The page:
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While most people know me as a young adult author thanks to the NEED series, I am in the middle of TIME STOPPERS, a middle-grade series published with Bloomsbury and before my time at Vermont College of Fine Art’s MFA program, I was a newspaper columnist, editor and poet. I think it is super cool how writers can write across platforms and how their work can change as the world changes, their understandings change, and their own needs change. So! Don’t be hemmed in by just writing one thing!

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This is a photo of me after receiving VCFA’s distinguished alum award. You can tell I acting in a super distinguished manner right after that. Kekla Magoon also received one. She was way more poised.

So, to harken back to that era of writing, here’s a column that was in a paper a few years ago. It ran alongside an article about drug use in Maine and the lack of care for transients with alcohol and/or drug dependencies. 

It wasn’t until well into the afternoon that we found him, dead beneath a shed on Water Street. Then he was only spotted because an oil spill into the Union River brought firefighters and reporters close by.

We noticed his naked feet first. Then we saw him stretched out between car tires and a garage door.

The Bangor Daily News reporter I was with told the firefighters who were still down by the river trying to mop up oil.

“Guys, there’s a body up here,” he said. His voice was quiet, still, a nothing voice and the words fell out into the world and for a moment nobody moved.

“A body?”

But Kenneth Butler was more than a body. He was a man.

According to Ellsworth police, Kenny Butler had a long history of medical problems, including heart trouble. No one’s quite sure where he was living before he died by abandoned car tires last week.

On a normal day, people go missing. Sometimes that gets noticed. Sometimes it doesn’t. On a normal day, people die. Sometimes that gets noticed. Sometimes it doesn’t.

I noticed Kenny Butler’s death. So did that Bangor Daily News reporter. So did his family.

Kenny Butler drank a lot. He did drugs. He couldn’t go to our county’s only shelter on cold winter days because they don’t allow people who are using drugs or who are drunk. Sometimes when people detox, they have seizures. Sometimes, they get violent. So, Kenny crawled beneath the basement of a shed, wedged himself between an old door and some tires. Then he died, in the cold, alone.

The police came, put on their purple latex gloves, strung up yellow tape to cordon off the area. As they took over, I thought about who Kenny Butler might be. I thought too about people who go missing from our lives by inches every day. The phone calls we fail to return. The smiles we are sometimes afraid to give.

I didn’t work anymore that Friday. My little girl, Em, stood close by all afternoon. She tugged on my sleeve.

“I don’t want to die alone,” she said.

Her eyes filled and just underneath that edge of sadness, awakening floated.

“I don’t want you to die alone either,” she added.

The wind whipping up off the Union River grew even colder that Friday afternoon. I knew what she meant. She looked up at a treehouse we were working on. It’s high among four trees. We could have stood on the platform, but there weren’t any walls yet, only tree trunks and branches separating us from falling, sheltering us from the sky.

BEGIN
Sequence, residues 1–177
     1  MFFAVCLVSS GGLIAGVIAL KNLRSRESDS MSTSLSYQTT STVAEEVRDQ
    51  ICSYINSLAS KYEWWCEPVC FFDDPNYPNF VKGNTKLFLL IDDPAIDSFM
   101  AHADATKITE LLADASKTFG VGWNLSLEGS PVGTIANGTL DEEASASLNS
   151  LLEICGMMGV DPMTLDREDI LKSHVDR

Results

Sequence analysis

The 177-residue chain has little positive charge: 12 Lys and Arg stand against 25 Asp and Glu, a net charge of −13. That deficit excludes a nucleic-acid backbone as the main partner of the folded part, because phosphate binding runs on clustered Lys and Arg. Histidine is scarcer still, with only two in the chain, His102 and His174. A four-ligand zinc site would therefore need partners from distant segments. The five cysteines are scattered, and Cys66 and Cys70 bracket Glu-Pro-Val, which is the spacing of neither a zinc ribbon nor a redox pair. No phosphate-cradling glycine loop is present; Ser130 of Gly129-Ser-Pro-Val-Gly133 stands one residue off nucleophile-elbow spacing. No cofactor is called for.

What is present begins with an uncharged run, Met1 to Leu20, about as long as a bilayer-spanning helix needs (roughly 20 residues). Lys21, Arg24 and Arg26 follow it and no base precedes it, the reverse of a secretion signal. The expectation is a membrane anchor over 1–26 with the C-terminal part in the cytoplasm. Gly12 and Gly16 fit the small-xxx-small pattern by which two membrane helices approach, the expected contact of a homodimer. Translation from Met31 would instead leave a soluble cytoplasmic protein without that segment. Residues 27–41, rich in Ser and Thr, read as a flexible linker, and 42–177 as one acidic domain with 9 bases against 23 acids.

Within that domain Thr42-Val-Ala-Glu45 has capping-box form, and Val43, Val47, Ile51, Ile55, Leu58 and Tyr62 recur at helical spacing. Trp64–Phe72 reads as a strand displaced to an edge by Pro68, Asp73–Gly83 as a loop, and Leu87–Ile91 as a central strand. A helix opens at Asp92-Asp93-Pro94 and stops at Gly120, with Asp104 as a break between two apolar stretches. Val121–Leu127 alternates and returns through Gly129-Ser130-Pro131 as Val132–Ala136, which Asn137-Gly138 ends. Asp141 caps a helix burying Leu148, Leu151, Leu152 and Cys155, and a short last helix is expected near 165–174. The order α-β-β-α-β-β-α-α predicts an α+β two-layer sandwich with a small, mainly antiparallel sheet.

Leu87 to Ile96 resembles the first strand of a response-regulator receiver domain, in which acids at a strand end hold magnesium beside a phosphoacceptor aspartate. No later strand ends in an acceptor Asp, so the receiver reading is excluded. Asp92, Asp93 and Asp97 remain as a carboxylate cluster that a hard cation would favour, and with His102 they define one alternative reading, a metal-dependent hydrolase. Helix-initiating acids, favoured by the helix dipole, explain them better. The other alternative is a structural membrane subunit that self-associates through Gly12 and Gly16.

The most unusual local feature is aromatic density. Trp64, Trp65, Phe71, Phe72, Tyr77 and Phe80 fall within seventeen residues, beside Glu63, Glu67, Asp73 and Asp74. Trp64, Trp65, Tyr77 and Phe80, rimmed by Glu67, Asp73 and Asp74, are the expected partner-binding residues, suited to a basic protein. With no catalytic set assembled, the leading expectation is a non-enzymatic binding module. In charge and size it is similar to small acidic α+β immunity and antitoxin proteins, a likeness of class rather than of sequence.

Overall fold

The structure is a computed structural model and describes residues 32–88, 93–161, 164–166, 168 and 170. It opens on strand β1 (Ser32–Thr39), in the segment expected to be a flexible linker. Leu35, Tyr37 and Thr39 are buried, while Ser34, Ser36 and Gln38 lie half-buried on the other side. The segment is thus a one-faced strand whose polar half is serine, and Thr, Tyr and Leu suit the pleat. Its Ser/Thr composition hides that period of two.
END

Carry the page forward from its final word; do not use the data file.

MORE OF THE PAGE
“It’s the living you don’t want to do alone,” I told her. “That’s more important than the dying.”

 

Writing Wisdom Wednesday

When I wrote my first book, my parents were both still alive. I’ve always been the weird one in the family, the one who didn’t make sense, who wore Snoopy shoes and had a weird voice, and was born 14 years after my closest sibling. I never felt like part of a family, but I always felt like my parents liked me okay. 

While I grew up, my parents were divorced. My dad was a mechanic and a truck driver. My mom was a real estate agent and then an dental supply company office manager.  I saw my dad on Sundays when he remembered. He was an adorable hobbit man, but pretty forgetful, honestly.  So, after years of being weird trying to be a poet and things, my first book came out. One of the first blog interviews asked me: 

Now that you’re under contract, does your family better appreciate your writing?

This is a hard question.

This is what my dad said when it happened, “Someone bought your book? That’s great. What’s it called?”

Tips on Having a Gay (ex) Boyfriend.”

We were on the phone.

My dad began laughing, “Ho boy. Ho… boy. Wait till I tell your Aunt Athelee that one. Tell me that again. .. Gay what?”

Tips on Having a Gay (ex) Boyfriend.

My father then laughed some more. “Let me write that down. That’s really the title? Ho…boy. Hahahaha…. Ho . . . boy.”

Then about six months later, I was talking to my dad on the phone while simultaneously trying to make vegan shepard’s pie and he said, “How many books have you sold?”

I told him.

“Three? Three! In less than a year?”

“Yep,” I said, dicing onions, which always makes me cry.

He was really quiet and then he said, “Your grandfather was a really literate man. He was a great reader, you know. And my mother…she loved poems.”

“I know that, Dad,” I said, wiping my eyes with a paper towel that smelled like onions and only made things worse. I started snuffing. Dad didn’t notice.

But then he swallowed so loudly that I could actually hear it over the phone and he said, “I’m dyslexic you know. I don’t read very well.”

“I know, Dad. You’re super smart though,” I said this because sometimes my dad forgets that he is super smart because he only went through to second grade. He felt like everyone else in the family, in the world, was smarter than he was. He felt wrong.

The silence settled in and he finally said, “I’m just really proud of you. You know that, right? I’m really, really proud of you.”

So, even if no lovely people ever buy my books, at least I know that I did something that made my dad proud.